Causes of Lupus

The cause of lupus remains unknown. Two of the major questions researchers are trying to answer is who gets lupus and why. Understanding what causes lupus could lead to better treatments, cure, or prevention.

A combination of factors may act together to cause lupus. Current scientific thinking focuses on three areas.

  1. Because lupus can run in families, researchers believe that genes play a role. About 50 percent of people who have lupus also have a close relative who has lupus or will develop lupus. Close relative means mother, father, sister, or brother. No single specific lupus gene has been identified.
  2. Hormones may be involved. A link to hormones could explain why lupus occurs more often in females, particularly during their childbearing years.
  3. Something in the environment may cause lupus. Some environmental factors are already known to make lupus symptoms worse. These factors include some prescription drugs and exposure to sunlight.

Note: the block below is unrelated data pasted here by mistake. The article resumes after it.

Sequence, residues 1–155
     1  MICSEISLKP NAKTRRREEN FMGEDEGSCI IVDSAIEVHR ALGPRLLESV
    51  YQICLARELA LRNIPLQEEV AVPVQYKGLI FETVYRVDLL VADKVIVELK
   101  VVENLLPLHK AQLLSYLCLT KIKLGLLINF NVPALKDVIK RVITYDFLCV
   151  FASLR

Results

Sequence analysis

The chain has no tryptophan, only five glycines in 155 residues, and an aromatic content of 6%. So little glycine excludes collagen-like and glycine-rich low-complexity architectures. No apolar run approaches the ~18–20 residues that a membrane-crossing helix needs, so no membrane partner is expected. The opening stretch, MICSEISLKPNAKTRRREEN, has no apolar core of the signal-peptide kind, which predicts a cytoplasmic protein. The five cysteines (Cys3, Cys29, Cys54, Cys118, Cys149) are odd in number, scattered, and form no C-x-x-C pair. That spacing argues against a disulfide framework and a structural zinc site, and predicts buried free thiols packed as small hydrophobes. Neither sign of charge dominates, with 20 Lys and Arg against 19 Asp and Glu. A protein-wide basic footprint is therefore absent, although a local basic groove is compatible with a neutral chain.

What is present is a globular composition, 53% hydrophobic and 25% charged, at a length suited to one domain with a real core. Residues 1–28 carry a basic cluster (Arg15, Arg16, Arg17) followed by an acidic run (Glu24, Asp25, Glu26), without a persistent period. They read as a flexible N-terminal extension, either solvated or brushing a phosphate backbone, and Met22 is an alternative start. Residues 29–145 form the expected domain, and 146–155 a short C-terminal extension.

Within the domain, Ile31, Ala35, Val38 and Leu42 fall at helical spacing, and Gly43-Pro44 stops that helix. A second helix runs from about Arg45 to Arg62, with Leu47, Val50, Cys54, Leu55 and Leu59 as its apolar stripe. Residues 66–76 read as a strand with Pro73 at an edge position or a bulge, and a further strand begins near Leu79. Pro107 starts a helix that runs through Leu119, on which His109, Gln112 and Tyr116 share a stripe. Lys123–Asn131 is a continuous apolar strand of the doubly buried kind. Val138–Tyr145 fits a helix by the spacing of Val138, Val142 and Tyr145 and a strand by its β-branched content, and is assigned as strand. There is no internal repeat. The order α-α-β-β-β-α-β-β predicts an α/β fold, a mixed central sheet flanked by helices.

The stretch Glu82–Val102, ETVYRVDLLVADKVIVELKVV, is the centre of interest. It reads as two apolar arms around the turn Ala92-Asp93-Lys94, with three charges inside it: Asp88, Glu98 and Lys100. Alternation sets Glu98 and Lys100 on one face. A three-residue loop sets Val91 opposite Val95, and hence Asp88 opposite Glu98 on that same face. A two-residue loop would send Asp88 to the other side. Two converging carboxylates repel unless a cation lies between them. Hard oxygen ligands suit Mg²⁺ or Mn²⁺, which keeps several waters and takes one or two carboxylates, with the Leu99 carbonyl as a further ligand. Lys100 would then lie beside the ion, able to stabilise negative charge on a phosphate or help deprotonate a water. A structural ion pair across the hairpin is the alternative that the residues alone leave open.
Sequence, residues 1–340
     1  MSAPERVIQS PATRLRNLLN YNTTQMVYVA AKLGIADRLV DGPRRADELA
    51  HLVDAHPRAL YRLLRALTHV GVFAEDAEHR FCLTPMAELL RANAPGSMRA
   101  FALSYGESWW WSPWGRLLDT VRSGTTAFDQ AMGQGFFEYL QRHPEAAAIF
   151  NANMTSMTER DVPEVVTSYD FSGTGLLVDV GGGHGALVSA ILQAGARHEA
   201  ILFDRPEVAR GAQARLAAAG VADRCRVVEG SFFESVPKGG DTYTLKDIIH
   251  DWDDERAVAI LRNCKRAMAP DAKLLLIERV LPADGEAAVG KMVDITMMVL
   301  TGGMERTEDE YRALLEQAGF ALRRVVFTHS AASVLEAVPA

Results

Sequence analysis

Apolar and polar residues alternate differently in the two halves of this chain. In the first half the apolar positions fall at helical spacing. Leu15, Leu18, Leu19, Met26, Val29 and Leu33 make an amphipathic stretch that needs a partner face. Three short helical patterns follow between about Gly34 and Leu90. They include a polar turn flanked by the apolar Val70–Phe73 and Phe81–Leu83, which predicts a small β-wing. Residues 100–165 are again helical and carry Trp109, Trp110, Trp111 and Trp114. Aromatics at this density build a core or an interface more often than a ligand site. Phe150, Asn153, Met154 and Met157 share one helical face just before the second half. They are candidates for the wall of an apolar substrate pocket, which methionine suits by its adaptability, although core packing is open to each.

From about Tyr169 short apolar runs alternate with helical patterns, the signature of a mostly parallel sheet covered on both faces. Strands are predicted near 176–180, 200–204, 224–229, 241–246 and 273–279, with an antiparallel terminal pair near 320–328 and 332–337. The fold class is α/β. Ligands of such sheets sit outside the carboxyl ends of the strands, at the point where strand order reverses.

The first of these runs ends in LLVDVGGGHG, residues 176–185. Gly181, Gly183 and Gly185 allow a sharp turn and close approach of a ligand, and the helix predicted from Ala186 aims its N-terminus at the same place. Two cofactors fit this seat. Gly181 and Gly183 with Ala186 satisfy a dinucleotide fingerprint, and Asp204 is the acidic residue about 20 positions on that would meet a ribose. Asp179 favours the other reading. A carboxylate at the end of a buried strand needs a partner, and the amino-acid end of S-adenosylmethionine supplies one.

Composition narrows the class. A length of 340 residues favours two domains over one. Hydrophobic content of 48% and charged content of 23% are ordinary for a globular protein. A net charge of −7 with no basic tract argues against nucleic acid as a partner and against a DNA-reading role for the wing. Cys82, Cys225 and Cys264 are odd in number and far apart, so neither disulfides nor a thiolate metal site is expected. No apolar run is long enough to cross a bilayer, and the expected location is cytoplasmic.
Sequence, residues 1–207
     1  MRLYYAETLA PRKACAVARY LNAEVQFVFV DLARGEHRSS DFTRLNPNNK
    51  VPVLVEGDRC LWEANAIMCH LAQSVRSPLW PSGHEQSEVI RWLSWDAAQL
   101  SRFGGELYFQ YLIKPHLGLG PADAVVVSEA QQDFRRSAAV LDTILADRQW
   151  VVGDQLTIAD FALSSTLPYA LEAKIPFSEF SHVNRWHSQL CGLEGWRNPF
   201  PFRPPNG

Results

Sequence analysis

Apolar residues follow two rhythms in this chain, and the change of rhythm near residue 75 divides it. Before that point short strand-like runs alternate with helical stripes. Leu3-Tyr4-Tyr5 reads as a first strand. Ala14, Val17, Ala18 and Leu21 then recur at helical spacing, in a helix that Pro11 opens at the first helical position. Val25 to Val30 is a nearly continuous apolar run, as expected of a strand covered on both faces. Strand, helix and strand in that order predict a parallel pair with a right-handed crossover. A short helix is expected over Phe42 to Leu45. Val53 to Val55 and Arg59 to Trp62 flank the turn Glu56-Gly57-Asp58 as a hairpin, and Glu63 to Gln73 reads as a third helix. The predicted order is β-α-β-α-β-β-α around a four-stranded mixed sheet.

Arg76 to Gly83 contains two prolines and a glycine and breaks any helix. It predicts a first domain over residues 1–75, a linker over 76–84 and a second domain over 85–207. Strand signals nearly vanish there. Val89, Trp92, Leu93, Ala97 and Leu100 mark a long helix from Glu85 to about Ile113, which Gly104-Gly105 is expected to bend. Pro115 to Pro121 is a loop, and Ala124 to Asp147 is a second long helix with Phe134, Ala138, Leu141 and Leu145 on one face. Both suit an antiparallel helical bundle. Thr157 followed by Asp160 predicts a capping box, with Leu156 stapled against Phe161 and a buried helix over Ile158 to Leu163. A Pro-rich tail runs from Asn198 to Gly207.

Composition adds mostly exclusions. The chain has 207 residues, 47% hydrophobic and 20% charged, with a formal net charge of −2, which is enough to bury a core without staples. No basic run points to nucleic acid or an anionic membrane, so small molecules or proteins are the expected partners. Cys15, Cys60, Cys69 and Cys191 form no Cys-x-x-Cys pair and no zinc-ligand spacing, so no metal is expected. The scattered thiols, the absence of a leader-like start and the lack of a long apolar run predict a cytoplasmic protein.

• Lupus is not contagious. You cannot "catch" it from another person.
  • Lupus is not a form of AIDS.

It is not always possible to know precisely what triggers a flare. Some common precipitating events include:

  • Exposure to sunlight
  • Infections
  • Emotional stress
  • Not taking medications as prescribed

Common warning signs of a flare are:

  • Feeling more tired
  • Pain in the chest or joints
  • Rash
  • Fever
  • Stomach upset
  • Headaches
  • Dizziness

Not all flares can be prevented, but positive steps can help avoid flares.

  • Take all medications as prescribed.
  • See a rheumatologist to adjust medications for lupus.
  • Limit exposure to sunlight.
  • Reduce the risk of infections.
  • Get the influenza vaccine.
  • Get plenty of rest.
  • Maintain a healthy diet.
  • When possible, exercise moderately.
  • Don't smoke.
  • Develop healthy coping skills and a good support system.

Last Updated 07/2013